Posted by: Ciaran | November 22, 2009

Reasons to love travelling #7 – Souvenirs

I’m a hoarder by nature, so my drawers and cupboards are full of all sorts of useless old tat – buttons for shirts I’ve long since got rid of, Top Trumps cards I haven’t used since I was 11, that sort of thing.

But when I go on holiday I can legitimately hoard things, and often what looks like nothing to other people has great significance to me: sat in front of me, for example, is a big stone which I am using as a paperweight to keep an unruly pile of receipts in check.  But it’s not just any old stone.  It was a stone I washed Bosante the elephant with in a crocodile-infested river in Nepal in the summer. 

Having a bath with an elephant - out of shot to the left is a crocodile...

I’m probably a bit sentimental with souvenirs, and I do tend to keep nigh-on anything as a reminder or keepsake.  But I love buying things which show the culture of the place I’ve been to, and Nepal was brilliant for that.

Ganesh painting

Above is a painting of the Hindu God Ganesh which I picked up in Pokhara for less than £5.  It is painted onto cloth and the colours and design are stunning.  Held up to the light or placed in a well-lit window, the colours glow and shimmer – it took somebody hours to make, and I feel privileged to own it and be blessed by its ‘good luck’ charm.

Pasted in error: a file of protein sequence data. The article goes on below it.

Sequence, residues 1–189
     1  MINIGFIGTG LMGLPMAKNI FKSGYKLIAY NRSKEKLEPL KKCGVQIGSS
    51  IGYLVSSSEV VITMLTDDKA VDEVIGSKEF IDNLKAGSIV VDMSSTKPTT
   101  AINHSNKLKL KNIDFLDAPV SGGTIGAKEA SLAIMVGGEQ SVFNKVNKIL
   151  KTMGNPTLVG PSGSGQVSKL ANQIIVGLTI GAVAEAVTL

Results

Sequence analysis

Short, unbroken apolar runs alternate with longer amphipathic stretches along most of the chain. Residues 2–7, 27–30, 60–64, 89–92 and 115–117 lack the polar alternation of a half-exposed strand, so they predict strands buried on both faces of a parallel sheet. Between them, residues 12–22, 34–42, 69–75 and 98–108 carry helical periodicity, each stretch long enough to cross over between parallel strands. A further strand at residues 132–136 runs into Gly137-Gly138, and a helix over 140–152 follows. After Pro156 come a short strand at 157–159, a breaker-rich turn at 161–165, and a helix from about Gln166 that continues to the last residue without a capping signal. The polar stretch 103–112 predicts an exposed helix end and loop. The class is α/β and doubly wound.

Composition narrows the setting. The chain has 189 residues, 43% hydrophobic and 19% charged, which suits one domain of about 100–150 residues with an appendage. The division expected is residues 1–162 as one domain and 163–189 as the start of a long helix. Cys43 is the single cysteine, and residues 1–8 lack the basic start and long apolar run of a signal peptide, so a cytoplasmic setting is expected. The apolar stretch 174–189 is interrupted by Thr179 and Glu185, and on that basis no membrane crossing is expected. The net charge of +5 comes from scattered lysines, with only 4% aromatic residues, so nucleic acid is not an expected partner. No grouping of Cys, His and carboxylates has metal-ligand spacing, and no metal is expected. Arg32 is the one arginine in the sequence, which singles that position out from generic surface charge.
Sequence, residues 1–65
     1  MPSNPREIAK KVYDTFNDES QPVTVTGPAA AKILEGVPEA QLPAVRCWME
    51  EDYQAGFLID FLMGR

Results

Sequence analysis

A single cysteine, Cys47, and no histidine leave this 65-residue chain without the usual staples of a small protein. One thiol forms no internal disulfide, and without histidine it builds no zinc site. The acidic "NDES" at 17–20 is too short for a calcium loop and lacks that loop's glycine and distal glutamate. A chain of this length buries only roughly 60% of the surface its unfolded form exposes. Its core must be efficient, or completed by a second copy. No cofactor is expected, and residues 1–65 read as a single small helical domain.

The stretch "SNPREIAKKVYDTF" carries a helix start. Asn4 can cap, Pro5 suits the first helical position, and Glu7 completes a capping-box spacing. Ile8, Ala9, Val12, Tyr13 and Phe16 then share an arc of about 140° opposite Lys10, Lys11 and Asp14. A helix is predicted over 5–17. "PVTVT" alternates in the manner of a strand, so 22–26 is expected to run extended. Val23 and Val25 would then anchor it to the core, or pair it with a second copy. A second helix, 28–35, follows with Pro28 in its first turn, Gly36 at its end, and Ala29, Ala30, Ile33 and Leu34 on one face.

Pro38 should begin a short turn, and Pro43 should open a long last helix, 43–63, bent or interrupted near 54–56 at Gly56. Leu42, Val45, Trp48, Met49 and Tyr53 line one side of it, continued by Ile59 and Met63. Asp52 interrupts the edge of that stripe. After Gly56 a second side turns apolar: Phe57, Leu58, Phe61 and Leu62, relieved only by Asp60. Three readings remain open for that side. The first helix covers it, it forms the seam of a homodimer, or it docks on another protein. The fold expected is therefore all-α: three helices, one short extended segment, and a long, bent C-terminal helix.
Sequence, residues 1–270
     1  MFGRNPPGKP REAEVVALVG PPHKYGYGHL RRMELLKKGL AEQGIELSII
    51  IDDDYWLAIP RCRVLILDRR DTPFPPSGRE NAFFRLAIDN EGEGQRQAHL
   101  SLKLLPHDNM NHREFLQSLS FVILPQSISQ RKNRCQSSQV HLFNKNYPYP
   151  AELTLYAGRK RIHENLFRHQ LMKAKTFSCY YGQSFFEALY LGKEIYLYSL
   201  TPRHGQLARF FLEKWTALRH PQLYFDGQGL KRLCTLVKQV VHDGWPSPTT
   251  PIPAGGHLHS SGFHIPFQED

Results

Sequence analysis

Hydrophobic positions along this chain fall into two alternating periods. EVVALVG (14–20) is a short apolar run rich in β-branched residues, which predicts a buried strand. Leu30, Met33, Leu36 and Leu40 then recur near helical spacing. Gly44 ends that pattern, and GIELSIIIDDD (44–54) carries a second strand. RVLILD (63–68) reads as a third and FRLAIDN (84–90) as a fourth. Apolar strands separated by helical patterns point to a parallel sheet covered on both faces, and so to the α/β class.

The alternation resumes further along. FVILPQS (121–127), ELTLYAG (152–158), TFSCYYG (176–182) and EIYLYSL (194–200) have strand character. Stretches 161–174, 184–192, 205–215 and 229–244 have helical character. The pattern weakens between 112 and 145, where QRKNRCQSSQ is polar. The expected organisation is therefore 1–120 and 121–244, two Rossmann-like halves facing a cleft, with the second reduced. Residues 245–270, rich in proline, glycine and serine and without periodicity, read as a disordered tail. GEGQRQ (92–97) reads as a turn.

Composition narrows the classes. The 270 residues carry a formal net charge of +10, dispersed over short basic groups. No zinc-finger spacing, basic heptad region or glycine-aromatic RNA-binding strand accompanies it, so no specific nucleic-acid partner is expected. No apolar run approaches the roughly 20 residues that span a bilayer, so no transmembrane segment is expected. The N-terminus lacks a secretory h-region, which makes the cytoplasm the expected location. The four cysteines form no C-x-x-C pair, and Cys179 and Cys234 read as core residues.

Hand-carved wooden face mask

Hanging beneath Ganesh on my wall is this slightly scary face mask which I picked up for the equivalent of about £3.50 in Pokhara.  I particularly like the third eye in the middle of the forehead, which I think is a nod to the wrath of the Hindu God Shiva whose third eye opens to see the evils of the world…

Buddhist prayer wheel

More religious iconography, this time recognising the influence of Tibetan culture into Nepal from the displaced refugees who have set up villages and monasteries throughout the country.  This prayer wheel opens up to reveal Buddhist scriptures and mantras which are chanted as the wheel is spun.

An Indian wall-hanging

To diverge away from Nepal, my greatest souvenir extravagance this summer was the above wall-hanging (£10.50) which I bought in Mandawa in the northwest of India.  According to the vendor, it was hand-stitched by “gypsy women” over a period of several weeks. 

I don’t doubt he was telling the truth, but maybe I do doubt his judgement (or his eyesight).  As I walked into his shop he beamed at me and shouted “James Bond!”



  1. […] already mentioned elephants in a previous post, but I had to ride an elephant into the dense jungle of Chitwan National Park […]

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